Friday, December 31, 2010


I would like to wish you all a very happy New Year. I appreciate your reading this blog; it has been a perfect forum for me to ruminate, vent, propose, recount, reflect. Of course, with the holidays, the frequency of writing decreases a bit, but it will pick up after the New Year rolls around. New Year's today will be quiet and warm, with time to think about things. Best wishes to you all.

Wednesday, December 29, 2010


I recently reread the play W;t by Margaret Edson. I had initially read this as a freshman in college for one of my introduction to the humanities courses (I had taken a course called "visions of mortality" - which probably lead to my current fascination with death and dying). I was really struck by this 1999 Pulitzer Prize winner and the film version starring Emma Thompson. I do not read a lot of plays, and I'm not sure I even know how to read a play, but I can say that this short, easy read works a number on the emotions and strikes at the core of end-of-life care and oncology. It describes a professor of English with terminal cancer and her interactions with the oncologists and nurses as she undergoes chemotherapy. The play ties in the Holy Sonnets of John Donne, including Holy Sonnet X (below) which addresses death directly. The language of the play reflects the clinical encounters patients often have, and the self-reflection of the main character reveals the rich internal dialogue that presumably patients have as well. Overall, it is one of the best reads for understanding the patient perspective of cancer and I recommend it to everyone in medicine.

Holy Sonnet X
John Donne

Death, be not proud, though some have called thee
Mighty and dreadful, for thou art not so;
For those, whom thou think'st thou dost overthrow,
Die not, poor Death, nor yet canst thou kill me.
From rest and sleep, which but thy picture[s] be,
Much pleasure, then from thee much more must flow,
And soonest our best men with thee do go,
Rest of their bones, and soul's delivery.
Thou'rt slave to Fate, chance, kings, and desperate men,
And dost with poison, war, and sickness dwell,
And poppy, or charms can make us sleep as well,
And better than thy stroke; why swell'st thou then?
One short sleep past, we wake eternally,
And Death shall be no more, Death, thou shalt die.

Image from Wikipedia, shown under Fair Use.

Sunday, December 26, 2010

Hospital Holidays II

The other thing about being in the hospital during the holidays is the isolation. For those of us whose families are not in the area, it is a tough time. We miss the comfort and constancy of family, the traditions of the holidays, the freedom from the burden and stress of work. And during a time when our co-residents and friends are flying home and opening presents and sleeping in, it's not easy to wake up before sunrise and drive to the hospital.

But it gives me a fascinating and critical insight into the lives of patients. They, too, would rather not be in the hospital. No one wants to be sick, but to be sick over the holidays is so much worse. And although family and friends may visit, it is simply not the same. So around this time of year, I try to spend a little more time chatting to patients about things that aren't medical - about where they grew up or their family or (at the VA) their stories of the military. That bond we create goes beyond the patient-doctor relationship to an understanding among people bound to the hospital when we'd rather be home.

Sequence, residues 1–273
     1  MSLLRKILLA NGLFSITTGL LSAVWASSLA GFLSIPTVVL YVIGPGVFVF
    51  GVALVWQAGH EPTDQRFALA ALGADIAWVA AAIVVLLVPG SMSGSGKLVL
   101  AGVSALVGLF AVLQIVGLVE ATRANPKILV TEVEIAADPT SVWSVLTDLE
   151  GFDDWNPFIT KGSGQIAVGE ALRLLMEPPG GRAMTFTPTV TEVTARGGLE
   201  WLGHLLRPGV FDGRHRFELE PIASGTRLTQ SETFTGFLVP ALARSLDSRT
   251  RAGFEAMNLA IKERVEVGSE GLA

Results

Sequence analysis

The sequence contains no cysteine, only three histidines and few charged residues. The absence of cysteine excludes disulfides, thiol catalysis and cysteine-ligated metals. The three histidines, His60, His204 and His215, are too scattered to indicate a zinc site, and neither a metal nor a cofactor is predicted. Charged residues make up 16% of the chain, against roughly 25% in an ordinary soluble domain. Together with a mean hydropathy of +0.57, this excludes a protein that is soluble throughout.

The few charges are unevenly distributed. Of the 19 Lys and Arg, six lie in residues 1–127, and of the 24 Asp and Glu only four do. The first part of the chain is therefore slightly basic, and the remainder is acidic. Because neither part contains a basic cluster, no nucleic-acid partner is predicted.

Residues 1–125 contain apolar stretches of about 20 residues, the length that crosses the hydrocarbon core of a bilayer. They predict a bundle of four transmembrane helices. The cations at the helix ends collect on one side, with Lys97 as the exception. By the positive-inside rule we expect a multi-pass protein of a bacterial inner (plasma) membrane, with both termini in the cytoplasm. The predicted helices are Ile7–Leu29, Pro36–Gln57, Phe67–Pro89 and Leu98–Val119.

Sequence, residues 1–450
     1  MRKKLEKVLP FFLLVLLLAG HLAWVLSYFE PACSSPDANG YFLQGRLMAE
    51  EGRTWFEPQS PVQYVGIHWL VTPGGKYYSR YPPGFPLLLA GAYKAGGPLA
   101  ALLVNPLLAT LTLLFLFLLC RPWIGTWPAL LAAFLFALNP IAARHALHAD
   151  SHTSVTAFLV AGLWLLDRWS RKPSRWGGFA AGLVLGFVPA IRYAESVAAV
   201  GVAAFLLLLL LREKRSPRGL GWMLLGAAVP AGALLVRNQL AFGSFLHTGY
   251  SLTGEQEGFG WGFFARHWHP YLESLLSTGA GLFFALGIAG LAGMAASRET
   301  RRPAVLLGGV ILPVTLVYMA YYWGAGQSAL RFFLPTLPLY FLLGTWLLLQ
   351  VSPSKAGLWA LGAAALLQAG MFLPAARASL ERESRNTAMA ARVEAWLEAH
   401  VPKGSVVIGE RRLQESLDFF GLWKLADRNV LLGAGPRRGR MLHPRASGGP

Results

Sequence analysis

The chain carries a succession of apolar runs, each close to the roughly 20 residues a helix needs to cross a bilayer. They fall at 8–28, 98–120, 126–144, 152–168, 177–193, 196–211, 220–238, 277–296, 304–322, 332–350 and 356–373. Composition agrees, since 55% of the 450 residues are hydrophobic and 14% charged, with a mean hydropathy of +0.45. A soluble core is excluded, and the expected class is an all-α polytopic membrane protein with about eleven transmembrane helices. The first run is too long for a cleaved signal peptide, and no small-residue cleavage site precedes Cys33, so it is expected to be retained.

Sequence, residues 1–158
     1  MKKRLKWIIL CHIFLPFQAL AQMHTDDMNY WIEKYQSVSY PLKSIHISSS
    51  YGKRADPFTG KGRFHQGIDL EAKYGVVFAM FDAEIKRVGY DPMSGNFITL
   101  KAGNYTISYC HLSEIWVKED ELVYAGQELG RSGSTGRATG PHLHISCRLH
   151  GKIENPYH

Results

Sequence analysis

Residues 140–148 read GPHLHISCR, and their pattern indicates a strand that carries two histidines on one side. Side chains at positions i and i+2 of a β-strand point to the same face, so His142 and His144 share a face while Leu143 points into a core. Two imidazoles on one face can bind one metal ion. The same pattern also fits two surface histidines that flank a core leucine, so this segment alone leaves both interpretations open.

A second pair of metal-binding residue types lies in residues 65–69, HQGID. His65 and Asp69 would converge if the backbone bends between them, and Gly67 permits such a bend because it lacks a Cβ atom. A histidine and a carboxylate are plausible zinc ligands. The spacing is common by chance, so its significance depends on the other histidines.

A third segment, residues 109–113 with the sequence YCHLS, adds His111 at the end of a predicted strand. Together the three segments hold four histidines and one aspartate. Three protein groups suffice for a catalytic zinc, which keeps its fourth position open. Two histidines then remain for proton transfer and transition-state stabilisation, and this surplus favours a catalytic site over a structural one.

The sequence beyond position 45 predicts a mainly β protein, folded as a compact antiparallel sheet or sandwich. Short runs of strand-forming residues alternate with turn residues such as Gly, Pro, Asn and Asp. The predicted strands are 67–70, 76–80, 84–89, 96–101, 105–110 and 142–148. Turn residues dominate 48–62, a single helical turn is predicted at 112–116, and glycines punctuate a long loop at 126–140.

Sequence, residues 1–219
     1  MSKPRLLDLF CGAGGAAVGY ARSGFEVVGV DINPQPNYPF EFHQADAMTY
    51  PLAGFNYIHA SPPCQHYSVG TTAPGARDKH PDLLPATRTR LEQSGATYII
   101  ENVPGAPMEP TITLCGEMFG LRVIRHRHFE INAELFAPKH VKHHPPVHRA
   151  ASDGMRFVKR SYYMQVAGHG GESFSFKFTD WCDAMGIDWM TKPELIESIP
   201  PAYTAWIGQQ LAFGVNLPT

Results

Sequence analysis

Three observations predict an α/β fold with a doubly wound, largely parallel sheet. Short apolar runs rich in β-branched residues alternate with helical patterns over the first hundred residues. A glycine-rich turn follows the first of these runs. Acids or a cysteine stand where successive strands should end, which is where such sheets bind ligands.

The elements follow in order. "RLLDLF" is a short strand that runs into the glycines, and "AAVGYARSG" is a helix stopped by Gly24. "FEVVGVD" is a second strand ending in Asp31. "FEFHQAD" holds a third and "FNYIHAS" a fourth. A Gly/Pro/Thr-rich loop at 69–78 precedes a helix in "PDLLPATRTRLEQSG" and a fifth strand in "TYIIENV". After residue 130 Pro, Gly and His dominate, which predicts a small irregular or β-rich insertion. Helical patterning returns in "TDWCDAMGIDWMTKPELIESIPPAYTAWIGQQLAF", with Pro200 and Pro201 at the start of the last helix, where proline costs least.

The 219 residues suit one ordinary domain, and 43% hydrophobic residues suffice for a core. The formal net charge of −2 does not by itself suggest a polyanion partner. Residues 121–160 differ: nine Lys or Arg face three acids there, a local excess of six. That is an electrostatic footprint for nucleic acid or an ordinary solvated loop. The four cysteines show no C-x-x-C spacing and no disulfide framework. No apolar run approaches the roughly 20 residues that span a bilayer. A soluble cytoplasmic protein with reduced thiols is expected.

Friday, December 24, 2010

Hospital Holidays I

Holidays in the hospital are a little strange. Especially at the VA, the hospital seems deserted; it runs on a bare-bones staff, and capacity is lower as patients gear up to leave. Resident teaching vanishes, and all of us try to get out early. Not much happens; we can only get blood draws once a day on the floor, and tests like echocardiograms and MRI scans don't happen. Social work and case management are off which means that it's very difficult to discharge patients who have nursing, transportation, or other needs. Things stagnate which is understandable though it is intensely frustrating.

Calls are interesting as well. Right before the holidays, when we were on call on December 23, we accepted a lot of transfers. Everyone - clinics, other services, other hospitals - tries to decrease their services for the holidays and a lot of them come to medicine. For example, patients who require infusions (such as chemotherapy) that can normally be given as an outpatient come into the hospital simply because the infusion center is not open. Clinics who would normally follow their patient up in a week admit them because they aren't open. Other teams try to transfer their patients to medicine. As a result, we got hit hard last call with tons of transfers, some which I did not think were fully justified. But it is the way of things around the holidays. Hopefully on Christmas Eve and Christmas, the patient loads will decrease as patients shy away from the hospital, and transfers decrease in volume. We might expect after the major holidays for things to pick up again as those patients who had dietary indiscretions or minor illnesses that avoided the hospital start to trickle in.

Wednesday, December 22, 2010

Poem: The Delivery of Modern Medicine

This poem is incredibly early and rough; I didn't really want to post it, but time's up and a blog must be entered.

The Delivery of Modern Medicine

starts with a number, eight digits and a band,
a looping, a manacle, a room and a curtain
budding into a nurse, a cuff, another looping,
numbers, more numbers, numbers divided by
other numbers, into a poke and whisper
of the arm, into poles and bags and foot-manacles
to stop the clots that bloom from being bound.

The Delivery of Modern Medicine
echoes with the repetition of story, and again
to each wayward passenger on this medical train
the same prodding fingers, bounding stethoscopes
reverberating into routine alarms,